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What Is Skin Cycling? The Science Behind The TikTok Trend

What Is Skin Cycling? The Science Behind The TikTok Trend

If you’ve been on the skincare corner YouTube or TikTok in the last couple of months, you might have heard about skin cycling. It’s gaining popularity in the beauty and skincare scene, as many are realizing that you can stretch out a daily skincare routine into several days to maximize your products’ effects on your skin. 

Let’s dive right in and cover the skin cycling steps, whether you can use retinoids for skin cycling, and answer, is skin cycling good for your skin?

So, What Is Skin Cycling?

Skin cycling is a type of skincare routine that uses more than a single day to complete a full regimen. Up until recently, a skincare routine would only really differ between the daytime and nighttime. Now, this multi-day, multi-step process begs the question, is skin cycling good for your skin?

Well, the answer to that is going to depend on how you do it and what products you use. In general, skin cycling is a great way to get intense results while doing minimal damage to your skin barrier. Skin cycling allows your skin to recover in between the stages that can be irritating – unlike in a daily skincare routine, where irritants are used every night.

What Are The Skin Cycling Steps?

There are many different ways to do this process, but the most popular and most basic method is as follows. Keep in mind that what works for one person may not work for you!

Night 1: Exfoliation Night

First, cleanse your skin. We recommend using our Anti-Pollution Facial Cleanser; it’s gentle on the skin with big cleaning power. Once your skin is clean, pat it dry – don’t rub! Then apply an exfoliating cream. Many dermatologists recommend a leave-on exfoliator that uses gentle acids (rather than scrubs) for skin cycling. 

Notes: If your skin burns, remove your exfoliator right away – next time exfoliation night comes around, have a more gentle product at the ready. Some tingling is fine! Once the feeling subsides, apply your moisturizer for the evening.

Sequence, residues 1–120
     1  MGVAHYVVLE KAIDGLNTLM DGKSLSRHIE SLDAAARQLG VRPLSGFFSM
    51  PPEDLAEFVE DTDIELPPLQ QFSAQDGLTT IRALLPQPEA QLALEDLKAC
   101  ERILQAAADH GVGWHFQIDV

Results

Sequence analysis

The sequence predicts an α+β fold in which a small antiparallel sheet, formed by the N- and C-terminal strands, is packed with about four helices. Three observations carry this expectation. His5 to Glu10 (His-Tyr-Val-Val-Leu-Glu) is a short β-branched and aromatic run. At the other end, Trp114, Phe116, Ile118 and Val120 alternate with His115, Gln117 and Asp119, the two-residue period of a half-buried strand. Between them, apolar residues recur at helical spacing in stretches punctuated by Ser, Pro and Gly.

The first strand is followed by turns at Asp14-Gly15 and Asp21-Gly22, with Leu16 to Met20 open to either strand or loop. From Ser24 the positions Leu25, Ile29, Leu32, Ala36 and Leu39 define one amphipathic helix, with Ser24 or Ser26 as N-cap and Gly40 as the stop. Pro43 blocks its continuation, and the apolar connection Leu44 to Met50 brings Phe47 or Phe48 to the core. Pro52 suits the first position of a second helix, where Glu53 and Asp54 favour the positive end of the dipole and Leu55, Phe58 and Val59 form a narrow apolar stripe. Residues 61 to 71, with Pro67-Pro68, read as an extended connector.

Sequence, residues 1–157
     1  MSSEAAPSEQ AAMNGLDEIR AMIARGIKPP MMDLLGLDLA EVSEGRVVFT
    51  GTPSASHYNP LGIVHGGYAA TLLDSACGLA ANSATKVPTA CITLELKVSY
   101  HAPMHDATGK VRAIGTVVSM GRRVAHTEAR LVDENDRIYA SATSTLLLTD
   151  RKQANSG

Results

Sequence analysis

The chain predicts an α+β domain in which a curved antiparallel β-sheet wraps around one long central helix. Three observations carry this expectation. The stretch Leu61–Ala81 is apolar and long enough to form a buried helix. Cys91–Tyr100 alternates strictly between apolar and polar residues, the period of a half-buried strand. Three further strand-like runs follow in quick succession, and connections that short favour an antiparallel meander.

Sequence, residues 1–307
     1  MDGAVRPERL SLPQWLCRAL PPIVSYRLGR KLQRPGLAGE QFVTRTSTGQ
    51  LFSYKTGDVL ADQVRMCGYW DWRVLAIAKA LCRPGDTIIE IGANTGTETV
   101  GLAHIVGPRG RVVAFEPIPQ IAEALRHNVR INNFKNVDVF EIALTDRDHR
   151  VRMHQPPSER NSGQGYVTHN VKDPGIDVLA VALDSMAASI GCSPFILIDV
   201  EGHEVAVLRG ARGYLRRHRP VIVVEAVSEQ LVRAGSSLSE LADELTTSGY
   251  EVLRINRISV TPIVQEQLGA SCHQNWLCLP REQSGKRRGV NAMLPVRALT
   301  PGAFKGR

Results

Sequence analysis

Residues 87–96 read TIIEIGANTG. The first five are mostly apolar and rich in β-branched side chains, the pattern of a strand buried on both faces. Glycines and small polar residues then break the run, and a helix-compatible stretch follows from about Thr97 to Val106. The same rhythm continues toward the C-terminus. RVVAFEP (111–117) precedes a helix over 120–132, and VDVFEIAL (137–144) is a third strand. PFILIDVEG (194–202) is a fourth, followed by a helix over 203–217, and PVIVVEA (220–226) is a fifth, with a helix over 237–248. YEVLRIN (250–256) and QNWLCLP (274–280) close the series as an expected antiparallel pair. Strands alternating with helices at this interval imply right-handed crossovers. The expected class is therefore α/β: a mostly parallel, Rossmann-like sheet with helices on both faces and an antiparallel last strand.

Night 2: Retinoid Night

Again, cleanse your skin first, following the same instructions from night one. Make sure your skin is completely dry before applying your retinoid cream. One small pea-sized amount of retinoid cream is all you need for your face; go thin with this product - it’s expensive and can irritate the skin easily – even for those without sensitive skin.

Note: For individuals with sensitive skin, applying small amounts of your moisturizer in the sensitive areas (under the eyes, the sides of the nose, the left and right corners of the mouth, and the neck) will reduce irritation.

Note: If your skin still feels dry after applying the retinoid cream, layer moisturizer on top.

Nights 3 & 4: Recovery Nights

Cleanse your skin just like usual, but leave your skin damp. Next, apply a hydrating serum, then follow it all up with your moisturizer. If you feel like your skin needs an extra boost, a light, non-comedogenic facial oil with vitamin C can be a great way to finish off your night three and four routine.

Can You Use Retinoids for Skin Cycling?

Absolutely! As you saw above, night two is retinoid night! Retinoids are anti-aging and antioxidant molecules that are derived from vitamin A. Retinol also tends to boost elastin and collagen production in the skin. Some people may find that retinoid creams are too harsh on their skin - using less of this product or moisturizing before using this product can help minimize the irritation that retinoid creams can cause.

We hope this helps you answer your questions about skin cycling. This process was developed by Dr. Whitney Bowe, a dermatologist, and hundreds of thousands of people across the country have loved this technique. Maybe you will too!